In my part of the world, the stereotype of a person with Parkinson’s…..a middle class retiree of mature years living at home with husband or wife….may become reality as young pwp lean to the internet while pwp in the work force can’t see any relevance of locally-based Parkinson’s associations. Those living alone face not only the tasks of daily life….for which those with care partners have assistance….but live with the constant tension of wondering “where will I go from here?”
The following was included in my state Parkinson’s association’s 2012 annual report. Its author was “anonymous” but it could even have been me.
My day starts the night before. The timing of medication, when I’ll shave, when I’ll do up the top button on my business shirt, when I’ll leave home, when I’ll arrive at the railway station, when I’ll do damn near everything are planned and jotted down. When medication hasn’t cut in and fine motor skills are beyond me, I catch up on reading.
I was diagnosed with Parkinson’s disease in 1998, live by myself, remain in full time work as a certified financial planner, and am 67 years of age. My capacity to function physically is dictated by medication. For me, relief also follows intense exercise.
Some activities used to rate highly in priority but are no longer rated as important. Gardening is an example; I took pride in my vegetable patch and Australian native shrubs. My back yard now is full of weeds. The front lawn is spic and span, thanks to those paid to keep it that way. Some aspects of daily life remain high priorities; a slip in these won’t be tolerated. Attention to clients is uppermost.
Life isn’t a breeze. Every four or five hours, tremor emerges increasing up the Richter scale if medication hasn’t been taken on time or the day is stressful. Rigidity can overtake me, aggravating an already clumsy body. With Parkinson’s disease, the mundane becomes important. My ability to reach the 7.15am breakfast meeting is determined the previous night when creating the “to do” list for to-day.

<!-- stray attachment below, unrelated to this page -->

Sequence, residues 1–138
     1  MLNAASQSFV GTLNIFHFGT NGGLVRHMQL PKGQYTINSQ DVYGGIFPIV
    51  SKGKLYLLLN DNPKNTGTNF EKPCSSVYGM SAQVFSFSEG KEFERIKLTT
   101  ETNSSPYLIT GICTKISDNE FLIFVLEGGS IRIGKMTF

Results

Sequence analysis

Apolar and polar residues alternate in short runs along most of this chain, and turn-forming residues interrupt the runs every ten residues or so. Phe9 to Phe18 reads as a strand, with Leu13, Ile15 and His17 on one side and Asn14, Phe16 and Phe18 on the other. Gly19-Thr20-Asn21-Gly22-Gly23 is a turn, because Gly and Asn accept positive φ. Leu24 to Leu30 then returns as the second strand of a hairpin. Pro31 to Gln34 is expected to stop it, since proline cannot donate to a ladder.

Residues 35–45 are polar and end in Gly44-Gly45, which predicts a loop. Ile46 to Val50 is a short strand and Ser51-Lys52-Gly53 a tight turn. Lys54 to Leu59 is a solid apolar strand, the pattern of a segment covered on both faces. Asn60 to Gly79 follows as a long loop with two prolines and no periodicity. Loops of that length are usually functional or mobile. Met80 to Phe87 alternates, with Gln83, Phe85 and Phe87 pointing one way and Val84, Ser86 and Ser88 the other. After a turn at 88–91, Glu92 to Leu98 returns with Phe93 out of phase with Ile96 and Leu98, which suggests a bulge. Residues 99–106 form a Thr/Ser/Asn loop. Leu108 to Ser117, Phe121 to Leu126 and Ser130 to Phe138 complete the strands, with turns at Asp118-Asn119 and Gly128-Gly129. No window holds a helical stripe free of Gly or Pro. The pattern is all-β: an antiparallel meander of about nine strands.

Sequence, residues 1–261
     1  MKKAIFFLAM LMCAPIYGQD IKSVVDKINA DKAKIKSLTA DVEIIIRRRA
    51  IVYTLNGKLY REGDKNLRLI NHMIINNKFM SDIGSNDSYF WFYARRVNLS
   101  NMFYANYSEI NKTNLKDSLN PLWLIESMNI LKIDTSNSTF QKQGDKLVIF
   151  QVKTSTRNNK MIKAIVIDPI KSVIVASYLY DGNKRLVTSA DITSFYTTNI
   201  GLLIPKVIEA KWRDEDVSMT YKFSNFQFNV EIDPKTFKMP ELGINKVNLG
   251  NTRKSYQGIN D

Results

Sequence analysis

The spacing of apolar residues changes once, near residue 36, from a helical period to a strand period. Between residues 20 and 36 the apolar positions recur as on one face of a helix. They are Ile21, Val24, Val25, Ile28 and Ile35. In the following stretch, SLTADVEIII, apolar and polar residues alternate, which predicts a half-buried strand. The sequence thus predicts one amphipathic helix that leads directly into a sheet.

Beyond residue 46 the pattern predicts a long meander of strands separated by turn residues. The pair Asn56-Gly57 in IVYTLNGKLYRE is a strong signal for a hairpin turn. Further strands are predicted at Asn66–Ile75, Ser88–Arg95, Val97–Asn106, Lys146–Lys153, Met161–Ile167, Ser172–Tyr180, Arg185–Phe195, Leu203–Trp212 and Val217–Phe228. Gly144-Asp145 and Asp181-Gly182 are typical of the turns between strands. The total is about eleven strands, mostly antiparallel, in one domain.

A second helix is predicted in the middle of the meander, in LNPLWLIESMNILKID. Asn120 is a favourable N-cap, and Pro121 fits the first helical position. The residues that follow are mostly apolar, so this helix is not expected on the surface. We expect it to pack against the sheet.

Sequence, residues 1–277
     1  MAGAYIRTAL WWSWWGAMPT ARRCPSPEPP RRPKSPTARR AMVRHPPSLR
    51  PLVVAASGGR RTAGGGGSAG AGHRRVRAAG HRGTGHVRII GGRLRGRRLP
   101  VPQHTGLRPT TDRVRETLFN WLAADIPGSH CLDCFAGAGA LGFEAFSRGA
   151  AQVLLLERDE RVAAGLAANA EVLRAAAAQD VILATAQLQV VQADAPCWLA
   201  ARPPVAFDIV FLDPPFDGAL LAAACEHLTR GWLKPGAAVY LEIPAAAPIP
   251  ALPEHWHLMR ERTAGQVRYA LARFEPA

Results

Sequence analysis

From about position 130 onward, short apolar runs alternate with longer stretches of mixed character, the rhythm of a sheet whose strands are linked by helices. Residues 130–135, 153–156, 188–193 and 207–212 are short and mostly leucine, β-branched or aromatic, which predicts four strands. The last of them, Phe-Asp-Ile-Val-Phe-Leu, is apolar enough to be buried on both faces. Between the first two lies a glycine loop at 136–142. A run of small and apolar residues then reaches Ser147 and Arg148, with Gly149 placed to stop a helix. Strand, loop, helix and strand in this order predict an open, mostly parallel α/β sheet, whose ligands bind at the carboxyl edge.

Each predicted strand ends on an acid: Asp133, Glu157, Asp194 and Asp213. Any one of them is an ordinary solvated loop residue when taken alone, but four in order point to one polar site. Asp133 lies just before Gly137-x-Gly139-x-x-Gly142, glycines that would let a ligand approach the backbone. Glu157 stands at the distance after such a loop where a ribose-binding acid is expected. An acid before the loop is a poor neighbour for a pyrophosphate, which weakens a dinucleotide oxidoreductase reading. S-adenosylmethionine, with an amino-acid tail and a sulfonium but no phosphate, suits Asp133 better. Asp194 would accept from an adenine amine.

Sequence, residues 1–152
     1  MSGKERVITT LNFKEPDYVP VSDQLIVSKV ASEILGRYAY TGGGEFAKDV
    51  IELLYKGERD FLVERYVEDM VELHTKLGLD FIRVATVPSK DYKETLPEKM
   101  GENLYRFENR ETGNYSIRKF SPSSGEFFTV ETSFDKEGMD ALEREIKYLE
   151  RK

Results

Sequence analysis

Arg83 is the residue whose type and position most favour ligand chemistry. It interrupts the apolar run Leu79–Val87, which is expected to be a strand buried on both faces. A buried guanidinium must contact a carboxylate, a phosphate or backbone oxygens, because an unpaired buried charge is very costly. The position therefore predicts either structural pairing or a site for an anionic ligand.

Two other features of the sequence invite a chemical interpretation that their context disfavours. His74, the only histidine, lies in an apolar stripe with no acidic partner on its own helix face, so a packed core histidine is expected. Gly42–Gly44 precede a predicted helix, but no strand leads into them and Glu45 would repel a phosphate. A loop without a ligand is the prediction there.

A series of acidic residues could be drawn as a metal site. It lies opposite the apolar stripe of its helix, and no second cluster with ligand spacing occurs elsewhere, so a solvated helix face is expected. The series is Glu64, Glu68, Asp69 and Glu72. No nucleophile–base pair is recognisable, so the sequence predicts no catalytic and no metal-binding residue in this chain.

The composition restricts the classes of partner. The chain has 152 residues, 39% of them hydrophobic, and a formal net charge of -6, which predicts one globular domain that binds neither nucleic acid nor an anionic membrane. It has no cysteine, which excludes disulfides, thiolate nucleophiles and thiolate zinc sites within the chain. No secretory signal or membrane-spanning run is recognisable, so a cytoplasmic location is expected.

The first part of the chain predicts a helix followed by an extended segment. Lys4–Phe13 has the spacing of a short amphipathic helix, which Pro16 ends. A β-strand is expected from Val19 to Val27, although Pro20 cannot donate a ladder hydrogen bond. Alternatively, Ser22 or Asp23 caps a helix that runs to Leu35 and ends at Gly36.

Dressing takes me at least double the time it once took. Every button is a challenge. If all has gone to plan, the medication has cut in by the time I reach the meeting venue. I find somewhere private, do up the button at my collar and put on my tie. I dread reaching a stage at which my dress standards are any the less because of Parkinson’s.
Sleep is a precious resource. Many are the nights I lie shaking in bed around 3am until attempting to sleep seems futile and I repair to my computer to see if any northern hemisphere friend has contacted me.
At 8.30pm, three nights each week, I head for the gym. I’m also there for an hour on Saturday or Sunday. Vigorous exercise is my outlet.
“You look a different man when you leave compared to when you arrive” said the gym receptionist last week. She’s right! I arrive at Aquafit gym around 9pm, often shaking too greatly to use my bar-coded entry card. The receptionist lets me in. My gym buddies are mainly people in their teens, twenties and early thirties. They encourage and assist me immensely. I try to return their kindness.
I go home exhausted but happy. Sleep comes quickly and endures longer following exercise.